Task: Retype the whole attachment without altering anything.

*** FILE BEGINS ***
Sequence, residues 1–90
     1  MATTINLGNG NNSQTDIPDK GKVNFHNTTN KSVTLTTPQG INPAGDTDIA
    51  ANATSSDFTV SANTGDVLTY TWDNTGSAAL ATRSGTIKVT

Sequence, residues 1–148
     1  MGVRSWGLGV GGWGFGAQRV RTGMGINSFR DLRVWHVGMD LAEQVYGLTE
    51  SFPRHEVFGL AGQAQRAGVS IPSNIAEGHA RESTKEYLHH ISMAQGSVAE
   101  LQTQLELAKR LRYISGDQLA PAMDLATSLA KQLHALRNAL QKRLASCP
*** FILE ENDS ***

Sequence, residues 1–90
     1  MATTINLGNG NNSQTDIPDK GKVNFHNTTN KSVTLTTPQG INPAGDTDIA
    51  ANATSSDFTV SANTGDVLTY TWDNTGSAAL ATRSGTIKVT

Sequence, residues 1–148
     1  MGVRSWGLGV GGWGFGAQRV RTGMGINSFR DLRVWHVGMD LAEQVYGLTE
    51  SFPRHEVFGL AGQAQRAGVS IPSNIAEGHA RESTKEYLHH ISMAQGSVAE
   101  LQTQLELAKR LRYISGDQLA PAMDLATSLA KQLHALRNAL QKRLASCP